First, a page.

Valentine’s Day: What’s the deal with our fear of being singled out?

  • Every 14th day of February, we collectively celebrate adorable romantic couplings — but does the holiday reveal more insidious implications of a stigma against being single?
  • TheHomeGround Asia speaks to a social psychologist on Singlism — the negative stereotyping and discrimination against singlehood — and the very tangible consequences this lesser-known ism can have on an individual’s finances, social life, and mental health. 
(Photo source: Canva)
(Photo source: Canva)

In the blink of an eye, it’s that time of year that is both loved and dreaded — Valentine’s Day. 

This longstanding day celebrating romantic love dates as far back as the 14th century, but in recent years, many have begun to question what exactly is society celebrating every 14th day of February. 

Is it the disproportionate glorification of romantic relationships above platonic and familial ones? Or, is it the fact that the day itself has become a capitalistic cash grab for corporations to profit from? Many have turned to boycotting the day, or rebranding it “International Friendship Day”, even at the nationwide level.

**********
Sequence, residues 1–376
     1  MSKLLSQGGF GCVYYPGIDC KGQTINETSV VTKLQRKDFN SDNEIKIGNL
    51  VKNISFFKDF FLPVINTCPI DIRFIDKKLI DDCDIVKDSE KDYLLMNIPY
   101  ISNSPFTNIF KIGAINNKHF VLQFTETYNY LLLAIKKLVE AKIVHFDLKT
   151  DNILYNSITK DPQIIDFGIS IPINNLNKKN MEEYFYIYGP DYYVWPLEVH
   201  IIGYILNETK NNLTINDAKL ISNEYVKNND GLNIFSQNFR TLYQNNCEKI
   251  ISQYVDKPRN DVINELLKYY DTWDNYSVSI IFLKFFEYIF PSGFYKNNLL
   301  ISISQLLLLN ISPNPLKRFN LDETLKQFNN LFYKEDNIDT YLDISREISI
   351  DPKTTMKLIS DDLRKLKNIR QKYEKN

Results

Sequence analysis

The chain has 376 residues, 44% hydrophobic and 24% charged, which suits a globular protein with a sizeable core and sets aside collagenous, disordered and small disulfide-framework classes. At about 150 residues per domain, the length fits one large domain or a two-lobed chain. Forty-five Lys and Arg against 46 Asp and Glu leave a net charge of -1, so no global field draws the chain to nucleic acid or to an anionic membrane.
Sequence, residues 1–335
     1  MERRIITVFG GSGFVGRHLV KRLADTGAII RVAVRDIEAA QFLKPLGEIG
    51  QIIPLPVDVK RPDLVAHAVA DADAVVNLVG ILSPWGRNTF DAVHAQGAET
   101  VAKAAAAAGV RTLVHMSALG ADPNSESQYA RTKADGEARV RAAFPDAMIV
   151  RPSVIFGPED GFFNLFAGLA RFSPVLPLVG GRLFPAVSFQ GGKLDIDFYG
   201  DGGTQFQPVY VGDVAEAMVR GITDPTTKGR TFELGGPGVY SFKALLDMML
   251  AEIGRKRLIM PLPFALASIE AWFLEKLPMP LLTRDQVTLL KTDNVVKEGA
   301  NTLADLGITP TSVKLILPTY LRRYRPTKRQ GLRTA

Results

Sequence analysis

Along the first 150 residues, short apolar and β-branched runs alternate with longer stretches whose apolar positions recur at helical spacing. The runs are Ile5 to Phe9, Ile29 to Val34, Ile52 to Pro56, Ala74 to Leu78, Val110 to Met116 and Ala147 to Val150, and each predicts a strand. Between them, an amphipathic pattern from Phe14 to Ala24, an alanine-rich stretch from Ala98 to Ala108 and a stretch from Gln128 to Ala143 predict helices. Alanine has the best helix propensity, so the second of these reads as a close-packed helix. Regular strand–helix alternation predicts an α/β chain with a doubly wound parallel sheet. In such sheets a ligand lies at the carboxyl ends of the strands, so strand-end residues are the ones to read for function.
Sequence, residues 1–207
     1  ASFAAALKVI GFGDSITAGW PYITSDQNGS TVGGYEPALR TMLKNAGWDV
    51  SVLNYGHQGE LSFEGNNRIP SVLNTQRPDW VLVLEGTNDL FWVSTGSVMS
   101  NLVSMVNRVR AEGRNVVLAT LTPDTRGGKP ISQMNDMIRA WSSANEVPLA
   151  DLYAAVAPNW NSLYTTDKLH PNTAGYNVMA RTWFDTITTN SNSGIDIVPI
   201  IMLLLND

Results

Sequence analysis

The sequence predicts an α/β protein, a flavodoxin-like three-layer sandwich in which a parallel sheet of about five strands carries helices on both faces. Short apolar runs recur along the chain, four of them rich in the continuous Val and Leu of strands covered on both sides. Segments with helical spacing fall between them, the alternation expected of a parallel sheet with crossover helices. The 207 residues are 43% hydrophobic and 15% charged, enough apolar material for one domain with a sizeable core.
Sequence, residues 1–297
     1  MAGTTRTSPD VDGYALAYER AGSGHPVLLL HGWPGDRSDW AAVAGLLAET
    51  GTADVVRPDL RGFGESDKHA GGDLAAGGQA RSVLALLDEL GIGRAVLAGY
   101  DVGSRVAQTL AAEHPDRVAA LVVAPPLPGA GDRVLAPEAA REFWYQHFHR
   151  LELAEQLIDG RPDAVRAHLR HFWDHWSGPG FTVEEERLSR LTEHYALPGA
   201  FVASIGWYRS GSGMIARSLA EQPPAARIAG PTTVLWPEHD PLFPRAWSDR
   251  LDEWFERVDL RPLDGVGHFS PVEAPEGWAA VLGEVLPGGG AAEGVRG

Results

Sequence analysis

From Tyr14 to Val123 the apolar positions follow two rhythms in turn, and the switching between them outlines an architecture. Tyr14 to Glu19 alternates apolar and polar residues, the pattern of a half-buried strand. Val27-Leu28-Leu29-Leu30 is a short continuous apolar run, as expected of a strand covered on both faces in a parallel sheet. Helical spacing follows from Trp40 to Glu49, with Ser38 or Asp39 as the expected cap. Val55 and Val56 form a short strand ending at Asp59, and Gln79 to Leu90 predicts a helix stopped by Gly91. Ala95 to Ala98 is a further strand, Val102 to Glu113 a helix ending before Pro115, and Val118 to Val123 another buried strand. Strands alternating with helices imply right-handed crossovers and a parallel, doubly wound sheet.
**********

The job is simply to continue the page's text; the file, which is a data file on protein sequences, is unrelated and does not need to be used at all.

Delving deeper, researchers across the world have begun to analyse the undercurrent of a social phenomenon that might be fuelling societal general bias towards being “in love” — Singlism.

What is Singlism?

Many may think that this is another made-up word Millennials are using. Not quite.

Coined by the Harvard social psychologist Bella DePaulo, the term singlism refers to the negative stereotyping and discrimination of adults who are single. 

This generally refers to those who do not identify as “married” in their marital status, including anyone who is divorced, widowed, or unmarried.